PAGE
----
The Bank of England will not agree to bring down inflation rates, which have recently reached a 40-year high. But what Andrew Bailey, the head of the bank, will do is explain what inflation is. To make the concept easier and sweeter, Bailey and a few economists at the Bank of England are using Freddos—Cadbury chocolates shaped like frogs—to teach people the concept of inflation.

Partly because of rising inflation rates, British people’s gas and electricity bills have increased by 54 percent. Naturally, people are frustrated. Bailey wants people to understand exactly why their bills have increased. So, in addition to running the Bank of England, he’s also helped the bank publish a book titled Can’t We Just Print More Money?

Throughout the book, co-authors Rupal Patel and Jack Meaning use the price of Freddos as an example. In 2002, a Freddo cost 14 cents; today a Freddo costs 33 cents. It’s the same milk chocolate frog, so why does it cost more? As they explain, printing more money means that every existing coin and dollar will be worth a little bit less. Eventually, this will cause the price of delicious chocolate to rise.

The face Freddo makes when he finally understands inflation.

Jack, who works in the Bank of England’s Strategy Division, says the book is important because everyone, even kids, should have an educated opinion on matters that impact their day-to-day life. “It’s quite easy in the current environment to have a conversation about inflation,” he told The Times of London. “[B]ut if people don’t understand what those drivers are or why things are happening, how are they supposed to effectively make a judgment on whether we’re doing the right thing or the wrong thing?”

Three thousand copies of the book have already been given to state schools around England. All the money the books make will go towards funding education programs, as well as to printing more copies so it can go in even more schools.

So, dear AIR MAIL Pilot readers, we’ll leave you with a trick question: Put 33 cents in your piggy bank or buy a chocolate frog? —Clara Molot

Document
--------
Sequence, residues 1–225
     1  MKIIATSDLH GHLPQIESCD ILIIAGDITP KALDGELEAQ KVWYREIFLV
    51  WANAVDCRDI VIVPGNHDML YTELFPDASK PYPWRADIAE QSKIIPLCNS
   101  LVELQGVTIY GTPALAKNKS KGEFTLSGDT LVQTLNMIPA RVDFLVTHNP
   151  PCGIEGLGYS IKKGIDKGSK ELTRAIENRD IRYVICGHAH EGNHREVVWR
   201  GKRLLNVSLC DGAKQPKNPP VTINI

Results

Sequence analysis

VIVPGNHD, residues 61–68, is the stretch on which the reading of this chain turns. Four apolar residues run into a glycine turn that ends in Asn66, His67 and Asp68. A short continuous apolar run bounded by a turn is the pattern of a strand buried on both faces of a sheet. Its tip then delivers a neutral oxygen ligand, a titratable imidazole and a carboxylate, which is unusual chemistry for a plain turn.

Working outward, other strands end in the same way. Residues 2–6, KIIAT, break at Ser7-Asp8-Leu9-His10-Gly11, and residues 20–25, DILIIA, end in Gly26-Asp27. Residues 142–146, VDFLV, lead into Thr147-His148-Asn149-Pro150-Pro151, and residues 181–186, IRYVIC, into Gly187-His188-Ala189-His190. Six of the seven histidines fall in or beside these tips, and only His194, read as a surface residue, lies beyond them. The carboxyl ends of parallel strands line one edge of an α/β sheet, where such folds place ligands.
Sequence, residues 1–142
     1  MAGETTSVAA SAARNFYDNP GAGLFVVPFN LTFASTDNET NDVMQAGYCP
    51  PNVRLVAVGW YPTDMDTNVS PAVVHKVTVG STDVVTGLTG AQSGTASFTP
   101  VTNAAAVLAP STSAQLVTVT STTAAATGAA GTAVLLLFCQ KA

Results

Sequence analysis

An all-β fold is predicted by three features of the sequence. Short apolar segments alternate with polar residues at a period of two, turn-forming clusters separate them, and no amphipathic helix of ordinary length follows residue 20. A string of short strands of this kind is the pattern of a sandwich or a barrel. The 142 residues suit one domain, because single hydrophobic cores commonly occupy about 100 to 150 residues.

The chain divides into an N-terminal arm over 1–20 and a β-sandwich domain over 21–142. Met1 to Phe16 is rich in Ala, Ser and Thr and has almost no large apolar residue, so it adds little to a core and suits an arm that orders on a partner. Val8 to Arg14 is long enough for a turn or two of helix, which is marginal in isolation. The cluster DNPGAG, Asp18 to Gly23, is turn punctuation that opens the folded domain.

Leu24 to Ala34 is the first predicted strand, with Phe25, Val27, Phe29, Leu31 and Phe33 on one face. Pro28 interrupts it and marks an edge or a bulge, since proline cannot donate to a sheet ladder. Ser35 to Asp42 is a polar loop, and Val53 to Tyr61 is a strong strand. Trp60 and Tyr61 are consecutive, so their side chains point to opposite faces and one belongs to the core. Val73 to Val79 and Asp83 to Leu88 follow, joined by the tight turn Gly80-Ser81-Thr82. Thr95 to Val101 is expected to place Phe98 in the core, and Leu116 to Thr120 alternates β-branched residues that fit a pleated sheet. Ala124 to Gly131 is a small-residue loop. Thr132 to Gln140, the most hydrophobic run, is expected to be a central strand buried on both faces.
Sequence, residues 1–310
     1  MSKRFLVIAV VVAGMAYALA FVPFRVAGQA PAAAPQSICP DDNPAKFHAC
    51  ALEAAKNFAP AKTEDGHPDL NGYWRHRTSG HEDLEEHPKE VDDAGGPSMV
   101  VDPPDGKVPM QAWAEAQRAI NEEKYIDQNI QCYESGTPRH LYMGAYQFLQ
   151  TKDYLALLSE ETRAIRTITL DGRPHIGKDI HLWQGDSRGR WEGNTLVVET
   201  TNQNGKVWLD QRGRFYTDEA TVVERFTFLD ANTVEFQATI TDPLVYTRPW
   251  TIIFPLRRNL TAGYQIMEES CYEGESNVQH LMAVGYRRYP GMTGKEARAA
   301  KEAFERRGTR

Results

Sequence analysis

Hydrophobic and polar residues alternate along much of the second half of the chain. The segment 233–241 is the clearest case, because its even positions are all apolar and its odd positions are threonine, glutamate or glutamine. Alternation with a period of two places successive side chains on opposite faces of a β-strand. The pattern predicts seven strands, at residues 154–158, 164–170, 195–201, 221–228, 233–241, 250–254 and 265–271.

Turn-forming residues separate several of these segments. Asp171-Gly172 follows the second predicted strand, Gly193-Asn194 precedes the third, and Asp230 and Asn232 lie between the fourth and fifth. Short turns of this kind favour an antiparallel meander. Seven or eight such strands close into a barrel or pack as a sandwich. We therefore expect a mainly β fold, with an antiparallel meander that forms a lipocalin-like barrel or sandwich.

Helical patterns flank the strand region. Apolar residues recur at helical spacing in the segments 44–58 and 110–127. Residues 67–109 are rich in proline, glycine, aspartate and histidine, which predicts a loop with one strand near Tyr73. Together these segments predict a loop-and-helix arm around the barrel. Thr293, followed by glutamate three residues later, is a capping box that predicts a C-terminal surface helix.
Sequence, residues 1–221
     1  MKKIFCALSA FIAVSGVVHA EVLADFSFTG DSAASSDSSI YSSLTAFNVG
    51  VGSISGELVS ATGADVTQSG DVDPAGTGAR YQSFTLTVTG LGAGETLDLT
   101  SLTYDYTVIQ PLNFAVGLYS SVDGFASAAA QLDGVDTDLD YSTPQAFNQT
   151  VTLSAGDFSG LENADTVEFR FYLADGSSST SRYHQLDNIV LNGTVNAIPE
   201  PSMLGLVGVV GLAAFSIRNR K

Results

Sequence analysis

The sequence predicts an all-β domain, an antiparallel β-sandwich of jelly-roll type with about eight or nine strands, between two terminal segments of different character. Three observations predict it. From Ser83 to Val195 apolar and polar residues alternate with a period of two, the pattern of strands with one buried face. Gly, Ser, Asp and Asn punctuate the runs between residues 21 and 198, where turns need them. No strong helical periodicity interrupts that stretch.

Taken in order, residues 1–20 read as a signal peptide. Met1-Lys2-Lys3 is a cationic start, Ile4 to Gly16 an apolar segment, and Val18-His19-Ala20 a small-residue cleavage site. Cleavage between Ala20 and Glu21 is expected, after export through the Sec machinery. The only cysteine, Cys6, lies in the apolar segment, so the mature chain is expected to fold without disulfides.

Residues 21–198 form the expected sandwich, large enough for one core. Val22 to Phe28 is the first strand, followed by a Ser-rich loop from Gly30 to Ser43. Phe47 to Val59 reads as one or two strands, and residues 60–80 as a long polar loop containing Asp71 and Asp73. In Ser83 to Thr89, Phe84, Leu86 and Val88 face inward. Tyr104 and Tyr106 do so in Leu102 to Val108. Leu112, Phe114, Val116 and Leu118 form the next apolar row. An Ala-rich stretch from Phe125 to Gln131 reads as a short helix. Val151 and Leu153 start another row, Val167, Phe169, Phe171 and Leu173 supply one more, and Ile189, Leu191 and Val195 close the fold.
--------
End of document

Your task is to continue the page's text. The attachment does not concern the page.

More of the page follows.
“Watch your tone!”

A note to AIR MAIL Pilot readers: if you visit a farm and meet a horse or pig, think before you speak. Turns out, you can make their mood better or worse.

While we’ve always known that dogs and cats can detect how humans feel, last week researchers from the University of Copenhagen discovered that horses and pigs can sense our feelings, too.

To find this out, a group of scientists rounded up pigs and horses—both wild and domesticated ones—to test if, and how, they reacted to positive or negative noises made by people. (They also tested to see if the animals reacted differently to positive or negative grunts from their own species, but AIR MAIL Pilot doesn’t speak pig or horse so we will set that part aside).

Talk to animal friends the way you talk to human friends.

To start, the team recorded an actor speaking gibberish in both a happy tone and an angry tone. While loudspeakers blared the babble, researchers monitored the animals to see how much they moved, if they stopped eating, if they flattened their ears, and if they tilted their heads to hear the sound better.

Much like people, the animals didn’t like hearing the angry human voices. When the furious gibberish started, both the horses and pigs scuffled agitatedly. But when the friendly gibberish played, the animals ambled around the room as usual, oinking, neighing, and scratching without a care.

The study revealed that the animals can not only tell how humans feel, but also that humans’ moods affects them. “Our voices have a direct impact on the emotional state of animals, which is very interesting from an animal welfare perspective,” Elodie Briefer, a behavioral biologist at the University of Copenhagen, told The Times of London. “If animals are initially spoken to in a more positive, friendly voice, when met by people, they should react less. They may become calmer and more relaxed.”

Overall, the wild horses and pigs were the least perturbed by the angry sounds. Don’t try telling off a wild boar. —Elena Clavarino